As its strategic focus continues to shift eastward, the US has significantly accelerated the pace of the layout of the Asia-Pacific security framework. On the one hand, the US is pushing Asia-Pacific countries including Japan, South Korea, Australia, and New Zealand to strengthen ties and cooperation with NATO. On the other hand, US dignitaries including President Biden have also visited other Asia-Pacific countries frequently, creating an international atmosphere of "Sinophobia" and promoting the alignment of the security and defense strategies of the visited countries with NATO. Through these means, the US wants to accelerate the formation of a regional and even global security system with NATO at its core to contain China.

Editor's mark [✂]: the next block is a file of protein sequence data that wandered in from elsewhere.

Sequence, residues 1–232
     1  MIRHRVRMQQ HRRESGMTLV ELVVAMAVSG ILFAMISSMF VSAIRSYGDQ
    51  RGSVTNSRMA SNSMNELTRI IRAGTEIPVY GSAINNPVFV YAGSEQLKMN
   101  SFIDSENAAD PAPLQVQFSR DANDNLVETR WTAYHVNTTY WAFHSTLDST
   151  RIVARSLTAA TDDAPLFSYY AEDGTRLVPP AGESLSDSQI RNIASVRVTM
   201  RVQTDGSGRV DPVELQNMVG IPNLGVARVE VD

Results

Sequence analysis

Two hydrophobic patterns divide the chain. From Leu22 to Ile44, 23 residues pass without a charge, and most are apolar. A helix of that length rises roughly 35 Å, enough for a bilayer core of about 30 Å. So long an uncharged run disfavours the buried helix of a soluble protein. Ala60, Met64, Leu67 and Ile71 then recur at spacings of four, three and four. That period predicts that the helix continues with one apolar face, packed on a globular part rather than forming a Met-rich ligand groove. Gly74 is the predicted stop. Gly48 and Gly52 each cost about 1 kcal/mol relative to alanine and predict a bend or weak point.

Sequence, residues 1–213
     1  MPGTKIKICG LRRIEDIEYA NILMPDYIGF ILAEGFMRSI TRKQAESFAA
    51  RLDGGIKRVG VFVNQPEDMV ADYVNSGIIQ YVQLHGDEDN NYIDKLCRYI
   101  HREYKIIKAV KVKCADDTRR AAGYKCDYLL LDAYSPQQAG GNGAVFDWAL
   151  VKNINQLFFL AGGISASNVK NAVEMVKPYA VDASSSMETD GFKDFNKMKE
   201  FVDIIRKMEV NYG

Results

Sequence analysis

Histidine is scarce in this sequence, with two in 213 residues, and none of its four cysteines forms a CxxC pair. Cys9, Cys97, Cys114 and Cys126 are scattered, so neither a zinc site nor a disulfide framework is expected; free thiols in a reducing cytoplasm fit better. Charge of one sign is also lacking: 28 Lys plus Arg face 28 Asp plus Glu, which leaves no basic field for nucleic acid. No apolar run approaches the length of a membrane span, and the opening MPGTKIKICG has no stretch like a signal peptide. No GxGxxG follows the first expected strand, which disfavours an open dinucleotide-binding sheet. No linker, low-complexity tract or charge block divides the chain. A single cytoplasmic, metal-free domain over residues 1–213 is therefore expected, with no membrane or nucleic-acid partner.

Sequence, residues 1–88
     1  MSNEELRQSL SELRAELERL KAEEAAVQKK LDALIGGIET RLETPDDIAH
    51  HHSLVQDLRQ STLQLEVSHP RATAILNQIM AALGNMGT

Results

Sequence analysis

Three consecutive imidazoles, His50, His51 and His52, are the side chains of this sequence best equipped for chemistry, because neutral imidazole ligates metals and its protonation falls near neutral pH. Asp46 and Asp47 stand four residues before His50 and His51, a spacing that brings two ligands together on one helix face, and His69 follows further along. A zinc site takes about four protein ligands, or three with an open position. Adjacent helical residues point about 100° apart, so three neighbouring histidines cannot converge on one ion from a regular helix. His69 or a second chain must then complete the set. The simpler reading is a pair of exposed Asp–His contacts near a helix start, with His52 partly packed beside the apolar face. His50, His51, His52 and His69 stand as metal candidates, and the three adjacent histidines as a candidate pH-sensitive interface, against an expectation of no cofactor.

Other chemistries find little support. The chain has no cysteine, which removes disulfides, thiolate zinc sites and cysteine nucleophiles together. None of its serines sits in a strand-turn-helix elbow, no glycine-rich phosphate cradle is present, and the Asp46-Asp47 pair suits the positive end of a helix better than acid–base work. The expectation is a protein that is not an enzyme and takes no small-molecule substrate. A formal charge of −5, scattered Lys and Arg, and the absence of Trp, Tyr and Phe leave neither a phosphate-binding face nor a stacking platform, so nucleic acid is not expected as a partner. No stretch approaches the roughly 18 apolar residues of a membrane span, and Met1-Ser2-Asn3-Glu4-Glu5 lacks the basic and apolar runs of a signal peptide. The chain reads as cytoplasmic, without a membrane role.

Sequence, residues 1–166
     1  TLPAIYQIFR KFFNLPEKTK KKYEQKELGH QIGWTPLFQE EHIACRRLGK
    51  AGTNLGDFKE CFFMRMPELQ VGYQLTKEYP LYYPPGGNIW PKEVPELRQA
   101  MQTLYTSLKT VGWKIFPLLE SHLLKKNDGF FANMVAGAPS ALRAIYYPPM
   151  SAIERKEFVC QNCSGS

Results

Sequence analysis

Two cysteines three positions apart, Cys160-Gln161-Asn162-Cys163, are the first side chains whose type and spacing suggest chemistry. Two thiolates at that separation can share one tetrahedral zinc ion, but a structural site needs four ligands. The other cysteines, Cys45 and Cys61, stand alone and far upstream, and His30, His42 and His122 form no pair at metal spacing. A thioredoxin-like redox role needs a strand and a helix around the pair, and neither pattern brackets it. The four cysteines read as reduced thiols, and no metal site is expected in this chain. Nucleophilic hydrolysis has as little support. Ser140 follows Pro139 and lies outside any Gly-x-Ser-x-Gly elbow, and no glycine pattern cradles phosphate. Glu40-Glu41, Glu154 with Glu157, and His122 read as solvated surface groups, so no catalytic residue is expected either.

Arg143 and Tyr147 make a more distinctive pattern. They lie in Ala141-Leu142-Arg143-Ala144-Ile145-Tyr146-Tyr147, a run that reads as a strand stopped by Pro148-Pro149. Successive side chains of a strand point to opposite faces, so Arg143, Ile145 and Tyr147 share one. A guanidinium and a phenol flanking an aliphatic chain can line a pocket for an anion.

Such moves taken by the US are similar to what the US has been doing in Europe to aggravate the conflict between NATO countries and Russia. The eastward expansion of NATO has led to the Russia-Ukraine conflict in Europe as well as the last confrontation between Russia and NATO, and the great division of Europe. So the "Asianization" of NATO, led by the US, will be disastrous to the Asia-Pacific region and undermine regional peace and prosperity. This military alliance will force Asia-Pacific countries to take sides between China and the US based on its logic of great power geopolitical competition, leading to increasingly intense regional crises and conflicts in the Asia-Pacific region, and it is likely to cause a major security and economic split in the Asia-Pacific region, thus severely interrupting the process of regional economic integration.